Mayor Tim Keller’s 984 Police Force Not The 1,200 Police Force Promised By Candidate Keller

On December 1, 2009, when former Mayor Richard Berry was sworn into office for his first term, the Albuquerque Police Department (APD) was the best trained, best equipped, best funded department in its history. APD was fully staffed with 1,100 sworn police officers.

Over 8 years, APD went from 1,100 sworn police to 853 sworn police all under the public safety leadership of Mayor Berry, his Chief Public Safety Officer Darren White and his appointed APD Police Chiefs Ray Schultz, Allen Banks and Gordon Eden.

When then New Mexico State Auditor Tim Keller ran for Mayor, he ran in part on the platform of increasing the size of the Albuquerque Police Department (APD) to 1,200 police and returning to “community-based policing” by the end of his first term. When Mayor Tim Keller assumed office on December 1, 2017, there were 861 full time sworn police according to the 2017-2018 city budget figures and payroll records at the time.


To keep his campaign promises on the police department, Mayor Keller order his Administration to begin implementing an $88 million-dollar APD police expansion program. The announced goal was to increase the number of sworn police officers from 861 positions filled to 1,200, or by 339 sworn police officers, over a four-year period. Keller promised to increase the number of sworn police in the department to 1,200 by the end of his first term, proclaiming 100 new offices were being hired a year.

Candidate Tim Keller during a televised debate promised in clear words not to raise taxes without a public vote, even if it was for law enforcement or for public safety. In May, 2018, 4 months after Keller was sworn in as Mayor, the Albuquerque City Council enacted a gross receipt tax increase that raises upwards of $50 million a year. The Council dedicated 75% to public safety.

The tax was enacted in response to reports that the city was facing a $40 million deficit. Mayor Keller broke his promise to demand a public vote on the tax and signed off on the $50 million a year tax increase. He signed off on the tax increase without any fanfare and without proposing any alternative budgets dealing with the deficit. The $40 million projected deficit never materialized. The City Council never repealed the tax. Keller went on a spending binge.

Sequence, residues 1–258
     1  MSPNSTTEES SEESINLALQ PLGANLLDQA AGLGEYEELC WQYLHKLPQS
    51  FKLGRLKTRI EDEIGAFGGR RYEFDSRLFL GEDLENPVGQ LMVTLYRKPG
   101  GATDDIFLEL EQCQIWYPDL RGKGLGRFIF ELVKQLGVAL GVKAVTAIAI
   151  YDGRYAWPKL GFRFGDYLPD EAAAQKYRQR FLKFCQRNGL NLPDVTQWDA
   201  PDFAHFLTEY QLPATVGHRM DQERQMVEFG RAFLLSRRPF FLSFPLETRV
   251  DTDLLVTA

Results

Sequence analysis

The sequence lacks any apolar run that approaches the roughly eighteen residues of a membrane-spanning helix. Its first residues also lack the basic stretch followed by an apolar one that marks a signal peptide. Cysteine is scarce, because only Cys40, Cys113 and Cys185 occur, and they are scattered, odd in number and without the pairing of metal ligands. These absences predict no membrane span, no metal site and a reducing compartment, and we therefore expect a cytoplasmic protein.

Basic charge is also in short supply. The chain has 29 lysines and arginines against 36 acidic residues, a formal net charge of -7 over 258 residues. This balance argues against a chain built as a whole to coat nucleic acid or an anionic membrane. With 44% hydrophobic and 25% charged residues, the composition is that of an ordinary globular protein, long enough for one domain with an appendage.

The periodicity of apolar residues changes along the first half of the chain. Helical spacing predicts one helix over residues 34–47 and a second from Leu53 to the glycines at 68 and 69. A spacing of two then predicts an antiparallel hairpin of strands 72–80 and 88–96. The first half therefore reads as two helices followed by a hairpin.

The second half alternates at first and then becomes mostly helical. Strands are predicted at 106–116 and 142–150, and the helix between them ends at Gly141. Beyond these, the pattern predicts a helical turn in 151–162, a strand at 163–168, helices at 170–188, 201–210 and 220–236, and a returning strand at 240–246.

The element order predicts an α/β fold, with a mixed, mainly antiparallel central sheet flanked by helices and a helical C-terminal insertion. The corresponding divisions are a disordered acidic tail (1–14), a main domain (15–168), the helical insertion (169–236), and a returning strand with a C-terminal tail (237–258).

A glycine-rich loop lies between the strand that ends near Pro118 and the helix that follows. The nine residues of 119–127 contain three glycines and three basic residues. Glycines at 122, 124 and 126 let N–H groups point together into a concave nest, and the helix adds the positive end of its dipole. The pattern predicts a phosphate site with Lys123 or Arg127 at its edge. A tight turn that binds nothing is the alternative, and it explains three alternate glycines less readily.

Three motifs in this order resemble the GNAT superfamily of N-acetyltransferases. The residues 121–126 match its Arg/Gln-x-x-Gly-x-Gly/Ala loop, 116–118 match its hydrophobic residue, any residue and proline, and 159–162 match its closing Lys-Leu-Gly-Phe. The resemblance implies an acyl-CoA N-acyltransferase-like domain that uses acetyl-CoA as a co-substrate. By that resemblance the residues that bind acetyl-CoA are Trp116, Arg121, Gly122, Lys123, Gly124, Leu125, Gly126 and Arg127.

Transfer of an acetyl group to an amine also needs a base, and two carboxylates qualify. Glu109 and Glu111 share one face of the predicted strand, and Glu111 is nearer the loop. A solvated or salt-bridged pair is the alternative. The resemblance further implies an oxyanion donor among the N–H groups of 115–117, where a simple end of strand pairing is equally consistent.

During the February 8, 2021, City Council Public Safety Committee, Interim Chief Harold Medina reported that APD has 957 sworn police. Of the 957 sworn police, Medina reported a mere 371 sworn police are in Field Services responding to calls for service or 39% of the entire sworn force. The 371 sworn police taking calls for service are spread out over 3 shifts and 8 area commands to patrol and based on crime rates in the areas. Medina also told the committee that Field Services has 6 area commanders, 18 lieutenants, 53 sergeant’s, 21 bicycle officers for a total of 511 officers assigned to field services. The problem is commanders, lieutenants, sergeant’s, and bicycle officers do not patrol the streets and are not dispatched to calls for service as are the field officers.

On April 14 the on line news ABQReports reported that APD reported having 998 officers during the first week of March, 2021, but a check of APD payroll reflects only 984 sworn officers. According to ABQReports:

“Losing 15 officers in one month is not a good trend, but in cities like Albuquerque, Portland and Seattle it is a way of life. A source within APD advised that dozens of officers have inquired about retiring and quitting. Who can blame them in today’s toxic atmosphere and another hot summer on the way.”


As of January 9, 2021, APD payroll showed there were 953 sworn officers with 48 cadets in the academy.

On March 14, 2021, Mayor Tim Keller held his third “State of the City Address”. It was held virtually and was a very slick and impressive one hour production of not just Mayor Keller speaking, but other members of his administration giving presentations, including newly appointed APD Chief Harold Medina and newly appointed Interim Public Safety Office Sylvester Stanley. A “YOU Tube” link to the State of the City Address is here:

Mayor Tim Keller boldly proclaimed during his March 14 State of the City address that he has made good on his promise to expand the ranks of APD by hiring 100 officers every year over the last 3 years. Keller said:

“We have honored our commitment to rebuild the ranks after decades of depletion. We have hired 100 new officers each year with another 100 on deck for this year. … It’s a big hole to climb out of when officers only have time to run from call to call. This is how we will end the days of just waiting for crime to happen and struggling to respond.”


On March 21, 2021, it was reported that APD is just shy of 1,000 officers. APD previously said they were hoping to reach that milestone by the end of 2019. It was reported that in May 2019, APD had 957 officers, and in 2018 it had 850.

According to APD spokesman Gilbert Gallegos, after the graduation of APD’s March cadet class, APD has 998 sworn police officers. Gallegos had this to say:

“Right now, it has been kind of fluctuating in the past year. We get up to 1000, or maybe a little lower, than we do lose officers at a certain time of year. But, we only gain them two or three times a year on one date. We get a— like just now— last week added 45 officers, so that puts us up close to 1,000”.

According to Gallegos, in the last 3 years, APD has had about 100 officers resign or retire, which is fewer than the same time during the previous administration.